The Trümmelbach Falls in the Lauterbrunnen Valley in Switzerland are unusual in that, whereas most waterfalls fall off the side of a cliff, these falls tunnel through the rocks on the side of a mountain from a height of 460 feet in a total of ten falls some of which reach heights of 60 feet or more. The Trümmelbach Falls are the largest underground falls in Europe. The source of the water for these falls is snowmelt from the glaciers coming down the Eiger, Monch, and Jungfrau peaks, which rise to more than 13,000 feet above sea level. The water of Trümmelbach Falls has a turquoise color due to glacier debris, and at peak season the stream may carry more than 5,200 gallons of water per second.
The layers of rocks through which the falls flow were laid down as mud rich in calcium carbonate in a shallow sea that covered the area 140 million years ago. Later on, these layers were compressed, turned into stone, and folded as a result of the tectonic uplifting that created the Alps over millions of years. Valleys such as the Lauterbrunnen Valley were sculpted by glaciers some 500,000 years ago. It is believed that during that time the Trümmelbach Falls began forming and acquired their present shape in the last 10,000 years.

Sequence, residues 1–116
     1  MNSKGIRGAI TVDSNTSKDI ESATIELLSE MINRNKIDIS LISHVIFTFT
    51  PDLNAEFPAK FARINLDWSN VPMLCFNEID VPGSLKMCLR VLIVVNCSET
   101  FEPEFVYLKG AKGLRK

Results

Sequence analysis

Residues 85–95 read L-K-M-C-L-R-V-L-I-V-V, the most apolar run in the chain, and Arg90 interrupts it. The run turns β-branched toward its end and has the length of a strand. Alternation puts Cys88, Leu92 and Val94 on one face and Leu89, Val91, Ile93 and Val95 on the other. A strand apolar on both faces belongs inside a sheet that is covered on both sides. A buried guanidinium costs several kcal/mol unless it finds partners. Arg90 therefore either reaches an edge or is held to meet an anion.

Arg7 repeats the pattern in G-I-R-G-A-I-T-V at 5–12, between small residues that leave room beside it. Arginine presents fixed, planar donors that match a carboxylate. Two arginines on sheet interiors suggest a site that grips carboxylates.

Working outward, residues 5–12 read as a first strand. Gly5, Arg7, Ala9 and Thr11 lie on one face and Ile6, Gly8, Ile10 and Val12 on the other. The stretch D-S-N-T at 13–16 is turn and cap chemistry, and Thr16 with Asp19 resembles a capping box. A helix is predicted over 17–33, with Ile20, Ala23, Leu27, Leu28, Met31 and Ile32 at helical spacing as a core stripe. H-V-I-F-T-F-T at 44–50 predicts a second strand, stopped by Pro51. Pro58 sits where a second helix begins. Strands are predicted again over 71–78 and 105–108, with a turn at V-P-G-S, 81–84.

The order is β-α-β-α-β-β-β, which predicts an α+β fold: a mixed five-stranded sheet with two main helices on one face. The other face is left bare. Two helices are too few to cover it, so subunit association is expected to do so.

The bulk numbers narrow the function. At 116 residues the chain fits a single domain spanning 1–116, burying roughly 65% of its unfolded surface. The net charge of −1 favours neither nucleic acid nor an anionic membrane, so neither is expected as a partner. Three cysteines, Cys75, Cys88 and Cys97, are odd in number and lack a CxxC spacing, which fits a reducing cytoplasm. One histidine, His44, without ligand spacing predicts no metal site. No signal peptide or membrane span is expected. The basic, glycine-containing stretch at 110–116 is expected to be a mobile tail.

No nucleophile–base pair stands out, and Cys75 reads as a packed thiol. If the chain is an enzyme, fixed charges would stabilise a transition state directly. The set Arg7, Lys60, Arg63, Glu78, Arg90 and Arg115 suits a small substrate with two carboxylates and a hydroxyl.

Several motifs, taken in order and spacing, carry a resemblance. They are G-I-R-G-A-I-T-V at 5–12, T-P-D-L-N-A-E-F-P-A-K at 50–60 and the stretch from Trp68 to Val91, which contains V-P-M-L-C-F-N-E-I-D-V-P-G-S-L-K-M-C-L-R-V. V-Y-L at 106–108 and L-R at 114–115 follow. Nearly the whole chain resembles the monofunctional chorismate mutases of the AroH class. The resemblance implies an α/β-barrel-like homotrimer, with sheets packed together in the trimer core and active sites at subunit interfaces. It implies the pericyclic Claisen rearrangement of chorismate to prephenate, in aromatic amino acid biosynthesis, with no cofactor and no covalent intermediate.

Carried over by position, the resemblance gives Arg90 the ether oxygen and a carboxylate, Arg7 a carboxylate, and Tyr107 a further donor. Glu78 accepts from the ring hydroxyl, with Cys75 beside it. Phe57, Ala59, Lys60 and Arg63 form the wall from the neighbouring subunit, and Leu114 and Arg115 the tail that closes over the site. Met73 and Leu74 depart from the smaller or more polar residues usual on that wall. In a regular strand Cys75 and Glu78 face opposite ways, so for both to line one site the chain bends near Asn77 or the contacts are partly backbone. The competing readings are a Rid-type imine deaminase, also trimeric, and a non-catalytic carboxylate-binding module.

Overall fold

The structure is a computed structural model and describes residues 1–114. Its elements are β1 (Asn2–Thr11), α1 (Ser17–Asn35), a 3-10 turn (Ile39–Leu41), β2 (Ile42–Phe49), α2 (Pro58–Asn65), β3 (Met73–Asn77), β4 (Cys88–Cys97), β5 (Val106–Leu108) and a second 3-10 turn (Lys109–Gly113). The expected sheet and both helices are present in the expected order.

In the video below you can see the 7th fall of the Trümmelbach Falls framed by the steep walls of the Lauterbrunnen Valley in the background.
In the next video below you can see the 9th fall of the Trümmelbach Falls. This video reveals the fact that part of the falls are subterranean.